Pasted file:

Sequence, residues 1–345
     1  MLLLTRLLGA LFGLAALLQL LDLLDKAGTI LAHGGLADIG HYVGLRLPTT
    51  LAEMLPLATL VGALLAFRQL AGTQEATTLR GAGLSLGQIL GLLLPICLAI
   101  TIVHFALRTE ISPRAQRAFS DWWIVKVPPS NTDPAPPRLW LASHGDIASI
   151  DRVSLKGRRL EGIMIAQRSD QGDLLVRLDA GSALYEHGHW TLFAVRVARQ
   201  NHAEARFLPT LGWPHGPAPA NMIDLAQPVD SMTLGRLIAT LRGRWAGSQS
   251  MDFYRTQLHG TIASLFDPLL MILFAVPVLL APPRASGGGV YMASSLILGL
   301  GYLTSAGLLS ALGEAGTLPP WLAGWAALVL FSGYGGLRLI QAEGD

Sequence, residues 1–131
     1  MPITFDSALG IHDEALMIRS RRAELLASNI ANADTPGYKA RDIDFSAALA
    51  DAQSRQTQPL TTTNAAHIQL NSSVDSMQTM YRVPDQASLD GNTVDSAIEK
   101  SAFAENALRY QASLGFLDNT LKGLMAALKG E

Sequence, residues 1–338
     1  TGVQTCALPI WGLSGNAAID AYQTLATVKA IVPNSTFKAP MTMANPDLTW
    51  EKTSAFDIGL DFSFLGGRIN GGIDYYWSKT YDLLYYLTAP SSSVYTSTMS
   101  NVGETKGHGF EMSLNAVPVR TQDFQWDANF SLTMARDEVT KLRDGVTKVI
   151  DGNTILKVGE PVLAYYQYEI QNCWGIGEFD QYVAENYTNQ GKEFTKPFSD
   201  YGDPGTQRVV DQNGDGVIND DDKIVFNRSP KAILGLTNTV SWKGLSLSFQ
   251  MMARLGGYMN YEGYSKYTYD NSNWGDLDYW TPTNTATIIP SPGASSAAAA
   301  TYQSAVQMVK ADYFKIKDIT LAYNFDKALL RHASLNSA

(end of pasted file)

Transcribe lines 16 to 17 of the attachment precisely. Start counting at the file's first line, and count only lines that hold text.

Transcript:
   101  NVGETKGHGF EMSLNAVPVR TQDFQWDANF SLTMARDEVT KLRDGVTKVI
   151  DGNTILKVGE PVLAYYQYEI QNCWGIGEFD QYVAENYTNQ GKEFTKPFSD